“The mechanisms for the monetization of content are in disarray.”
That’s what AMC Networks Chair James Dolan told his employees on Tuesday when he delivered the grim news that a “large-scale layoff,” in addition to “significant” operating cuts, will soon take place at the company. The cuts, first reported by The Wall Street Journal, will amount to 20% of its US workforce, which is roughly 1,700 employees, AMC said.
In his memo to employees, Dolan said it is a “confusing and uncertain time in our industry.” He blamed the grave situation at the network — which was once home to television’s hottest shows, such as “Breaking Bad,” “Mad Men,” and “The Walking Dead” — squarely on cord-cutting.
“At the same time we have seen the rise of direct to consumer streaming apps including our own AMC+. It was our belief that cord cutting losses would be offset by gains in streaming,” Dolan wrote. “This has not been the case.”
The dire state of affairs at the company, which also announced the departure of its chief executive who served in the position for less than three months, largely reflects the extraordinary challenges facing the entire industry as linear television rapidly declines and companies scramble — or perhaps, struggle — to build lifeboats to streaming.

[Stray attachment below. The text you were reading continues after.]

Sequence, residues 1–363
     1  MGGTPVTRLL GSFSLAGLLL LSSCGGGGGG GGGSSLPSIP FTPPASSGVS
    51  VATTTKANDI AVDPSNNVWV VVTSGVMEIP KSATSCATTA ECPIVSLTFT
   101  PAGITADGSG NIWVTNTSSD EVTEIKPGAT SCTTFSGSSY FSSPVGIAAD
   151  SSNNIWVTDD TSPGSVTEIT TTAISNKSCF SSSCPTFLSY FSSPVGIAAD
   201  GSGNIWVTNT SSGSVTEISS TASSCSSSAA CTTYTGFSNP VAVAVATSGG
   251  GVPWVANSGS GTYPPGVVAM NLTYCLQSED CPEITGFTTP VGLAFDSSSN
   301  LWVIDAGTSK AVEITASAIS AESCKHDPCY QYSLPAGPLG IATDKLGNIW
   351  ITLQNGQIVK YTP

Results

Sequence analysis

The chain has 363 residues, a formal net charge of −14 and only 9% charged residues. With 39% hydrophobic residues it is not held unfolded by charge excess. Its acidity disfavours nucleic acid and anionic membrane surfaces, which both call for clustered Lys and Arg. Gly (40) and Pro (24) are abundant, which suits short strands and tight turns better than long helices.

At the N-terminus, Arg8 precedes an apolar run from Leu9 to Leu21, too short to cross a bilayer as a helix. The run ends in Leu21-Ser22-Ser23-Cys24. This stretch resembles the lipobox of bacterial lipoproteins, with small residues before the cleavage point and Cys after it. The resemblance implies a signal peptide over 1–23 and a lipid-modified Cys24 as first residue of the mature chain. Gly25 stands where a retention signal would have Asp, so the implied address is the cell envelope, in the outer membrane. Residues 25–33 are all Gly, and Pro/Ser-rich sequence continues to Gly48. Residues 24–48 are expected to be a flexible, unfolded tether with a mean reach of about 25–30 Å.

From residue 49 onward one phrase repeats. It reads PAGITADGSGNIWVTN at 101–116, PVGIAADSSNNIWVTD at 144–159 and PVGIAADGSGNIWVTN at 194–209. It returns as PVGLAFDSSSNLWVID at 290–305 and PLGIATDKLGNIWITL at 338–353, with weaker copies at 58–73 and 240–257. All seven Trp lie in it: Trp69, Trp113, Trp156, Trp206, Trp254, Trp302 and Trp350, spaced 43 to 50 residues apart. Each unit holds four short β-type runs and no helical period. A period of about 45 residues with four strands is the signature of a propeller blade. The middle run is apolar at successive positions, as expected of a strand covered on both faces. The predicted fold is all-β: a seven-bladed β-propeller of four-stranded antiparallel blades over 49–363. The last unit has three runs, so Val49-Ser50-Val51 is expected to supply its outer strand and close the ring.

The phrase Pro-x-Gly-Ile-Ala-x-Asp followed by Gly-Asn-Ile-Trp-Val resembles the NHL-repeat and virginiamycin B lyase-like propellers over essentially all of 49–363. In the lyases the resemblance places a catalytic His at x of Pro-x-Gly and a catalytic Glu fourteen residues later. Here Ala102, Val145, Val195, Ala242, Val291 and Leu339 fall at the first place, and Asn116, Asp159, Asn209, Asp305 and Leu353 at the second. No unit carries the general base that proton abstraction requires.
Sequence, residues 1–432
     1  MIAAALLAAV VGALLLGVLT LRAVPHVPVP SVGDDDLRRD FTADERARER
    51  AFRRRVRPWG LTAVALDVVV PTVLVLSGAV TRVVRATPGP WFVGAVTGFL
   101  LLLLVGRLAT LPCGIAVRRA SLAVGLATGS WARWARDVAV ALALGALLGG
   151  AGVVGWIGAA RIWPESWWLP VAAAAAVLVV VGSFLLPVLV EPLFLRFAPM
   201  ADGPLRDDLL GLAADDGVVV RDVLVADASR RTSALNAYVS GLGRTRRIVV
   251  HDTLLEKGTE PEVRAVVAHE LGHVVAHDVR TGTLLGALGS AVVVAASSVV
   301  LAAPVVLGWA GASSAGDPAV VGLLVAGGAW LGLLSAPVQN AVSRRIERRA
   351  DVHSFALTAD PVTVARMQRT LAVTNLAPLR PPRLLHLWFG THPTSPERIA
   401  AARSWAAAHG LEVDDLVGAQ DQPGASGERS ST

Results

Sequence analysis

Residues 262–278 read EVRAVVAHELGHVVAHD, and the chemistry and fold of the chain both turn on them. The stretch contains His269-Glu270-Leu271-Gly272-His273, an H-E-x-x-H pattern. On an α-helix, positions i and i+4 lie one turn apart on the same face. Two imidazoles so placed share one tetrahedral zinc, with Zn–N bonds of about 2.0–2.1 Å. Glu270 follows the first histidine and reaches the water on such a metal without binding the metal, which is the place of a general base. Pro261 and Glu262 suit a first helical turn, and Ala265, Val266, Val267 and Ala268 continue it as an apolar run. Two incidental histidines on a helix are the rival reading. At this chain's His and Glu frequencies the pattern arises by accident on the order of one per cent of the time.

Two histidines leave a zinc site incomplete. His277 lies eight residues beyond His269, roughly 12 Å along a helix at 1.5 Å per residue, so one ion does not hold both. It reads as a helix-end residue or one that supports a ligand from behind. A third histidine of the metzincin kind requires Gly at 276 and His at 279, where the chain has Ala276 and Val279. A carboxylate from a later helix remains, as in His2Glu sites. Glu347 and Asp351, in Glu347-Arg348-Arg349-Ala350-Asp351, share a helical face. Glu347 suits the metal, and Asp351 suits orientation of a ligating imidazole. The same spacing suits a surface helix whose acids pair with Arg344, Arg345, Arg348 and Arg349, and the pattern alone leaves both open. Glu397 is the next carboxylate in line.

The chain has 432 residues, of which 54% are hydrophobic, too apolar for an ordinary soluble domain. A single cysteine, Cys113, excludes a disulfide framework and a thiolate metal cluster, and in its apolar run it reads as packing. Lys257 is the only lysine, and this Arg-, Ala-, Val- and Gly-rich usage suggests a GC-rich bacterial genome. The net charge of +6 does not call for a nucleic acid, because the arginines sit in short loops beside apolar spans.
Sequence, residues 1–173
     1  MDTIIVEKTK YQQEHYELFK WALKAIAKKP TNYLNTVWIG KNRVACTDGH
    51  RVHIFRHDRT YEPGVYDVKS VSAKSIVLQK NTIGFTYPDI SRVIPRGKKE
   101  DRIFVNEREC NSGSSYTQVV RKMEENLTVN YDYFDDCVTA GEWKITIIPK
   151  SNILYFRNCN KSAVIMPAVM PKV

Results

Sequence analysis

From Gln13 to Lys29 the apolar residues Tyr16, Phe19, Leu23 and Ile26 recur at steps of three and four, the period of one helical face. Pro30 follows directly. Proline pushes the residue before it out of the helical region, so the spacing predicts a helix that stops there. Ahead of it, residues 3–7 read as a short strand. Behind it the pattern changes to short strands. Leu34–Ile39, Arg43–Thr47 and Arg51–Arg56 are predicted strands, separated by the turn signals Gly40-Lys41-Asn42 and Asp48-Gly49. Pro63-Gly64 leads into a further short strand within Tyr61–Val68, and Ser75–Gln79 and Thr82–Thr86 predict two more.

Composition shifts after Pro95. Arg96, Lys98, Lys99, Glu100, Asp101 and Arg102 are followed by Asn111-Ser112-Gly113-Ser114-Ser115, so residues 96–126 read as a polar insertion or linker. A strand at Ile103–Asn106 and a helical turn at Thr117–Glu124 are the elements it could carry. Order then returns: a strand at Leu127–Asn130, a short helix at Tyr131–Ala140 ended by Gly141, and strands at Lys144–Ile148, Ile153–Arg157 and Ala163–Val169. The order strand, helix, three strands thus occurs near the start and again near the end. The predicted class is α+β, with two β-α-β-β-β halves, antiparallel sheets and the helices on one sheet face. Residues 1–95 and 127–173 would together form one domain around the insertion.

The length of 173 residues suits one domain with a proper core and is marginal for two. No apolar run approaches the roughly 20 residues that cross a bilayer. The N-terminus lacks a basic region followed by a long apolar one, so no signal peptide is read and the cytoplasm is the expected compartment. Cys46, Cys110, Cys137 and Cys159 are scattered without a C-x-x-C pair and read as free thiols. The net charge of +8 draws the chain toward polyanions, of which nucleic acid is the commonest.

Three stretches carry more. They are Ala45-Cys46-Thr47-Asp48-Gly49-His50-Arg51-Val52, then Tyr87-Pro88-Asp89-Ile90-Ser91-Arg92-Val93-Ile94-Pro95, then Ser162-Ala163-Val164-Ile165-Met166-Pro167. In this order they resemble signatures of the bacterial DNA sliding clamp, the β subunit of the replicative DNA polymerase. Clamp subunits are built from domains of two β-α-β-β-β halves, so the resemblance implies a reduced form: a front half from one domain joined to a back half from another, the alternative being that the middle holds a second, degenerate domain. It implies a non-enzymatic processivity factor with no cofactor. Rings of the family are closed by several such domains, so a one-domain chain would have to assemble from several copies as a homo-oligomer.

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And the havoc being wreaked upon AMC Networks could foreshadow what is yet to come for others.
“We’ve already seen layoffs and restructuring for a handful of companies,” Insider Intelligence principal analyst Paul Verna told CNN on Tuesday. “Any of the [companies] that have not yet announced layoffs probably will.”
“It’s the whole ecosystem,” Verna added.
Major players such as Warner Bros. Discovery (CNN’s parent), Disney, and Paramount all appear to be eying cost cutting measures and restructuring their businesses to focus more on profits and less on exorbitant spending to chase subscribers.
Verna said he does not find it “unreasonable to expect” that companies such as NBC Universal, Apple, and Amazon will also announce cuts to their media business in the near future. Though he didn’t entirely agree with Dolan’s assertion that the “mechanisms for monetization of content are in disarray,” he blamed lower profitability from streaming, an overcrowded market, and the brutal economic headwinds battering an array of industries.
“They’ve bumped up against the reality that it’s a tough business and there really isn’t room for everybody in it,” Verna said. “It’s just saturated. And a lot of it does get back to the economy.”
“And, as a result, more dominoes are going to fall.”